SIAM News Blog

Student Days at the SIAM Annual Meeting

By Peter Turner

Students now constitute close to 40% of SIAM’s members. Over the past several years, many activities have been added to the Annual Meeting program to enhance students’ experience at the meeting, especially since so many are attending a large meeting for the first time.

So, what can you expect to find at AN14 in Chicago?

Students and faculty at the student chapter breakfast at SIAM’s 2013 Annual Meeting (AN13).

A complete description of Student Days is online here. This post is intended to give you just a taste of some of the highlights. A new addition a couple of years ago was the introduction of a special welcome/ orientation for students on Sunday afternoon, immediately prior to the general welcome reception. Take advantage of that to connect with other students at the meeting, hear more about facilities and events for you, and meet with members of local student chapters who can give advice about activities in the Chicago area. Often one of the local student chapters will arrange some student-specific social events, too. We want you to enjoy both the scientific and social aspects of the meeting.

Another recent addition is the inclusion of a student lounge – usually in or close to the Exhibit Hall. This is a good meeting point, and of course you may invite non-student attendees to join you there. Meeting with non-student attendees is an important networking advantage of any professional meeting. Sometimes it is difficult for students to get “face time” with the invited speakers, and so we have initiated (two years ago) a special “minisymposium” which is restricted to students to meet with as many of the invited plenary session lecturers as can be there. This has become a Student Days highlight.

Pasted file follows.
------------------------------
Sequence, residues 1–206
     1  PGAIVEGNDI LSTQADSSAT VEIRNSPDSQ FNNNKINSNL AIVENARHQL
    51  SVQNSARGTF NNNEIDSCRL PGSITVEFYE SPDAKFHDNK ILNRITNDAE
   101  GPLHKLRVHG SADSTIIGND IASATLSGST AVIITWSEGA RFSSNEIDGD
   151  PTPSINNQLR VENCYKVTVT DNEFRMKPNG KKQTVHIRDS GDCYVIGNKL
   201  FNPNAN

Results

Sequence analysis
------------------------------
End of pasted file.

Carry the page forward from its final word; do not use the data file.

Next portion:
Student orientation at AN13.

There are also several sessions of talks devoted to student presentations. Here I want to digress to speak to any non-student readers of this post. The quality of these talks is usually extremely high (and they keep on schedule!) and the presentations are often accessible to non-experts. They therefore provide a very good way of finding out about fields that you maybe wish you knew more about. There are sessions devoted to student prize winners (the Student Paper Prize and the Mathematical Contest in Modeling), for representatives of invited Student Chapters, and for highlighting some of the excellent research projects undertaken by undergraduates. I would urge all attendees who can to take advantage of these sessions and support our student members.

For general student oriented information on AN14, see as well as the Student Days site.

Peter Turner is a professor of mathematics and the Dean of Arts and Sciences at Clarkson University.

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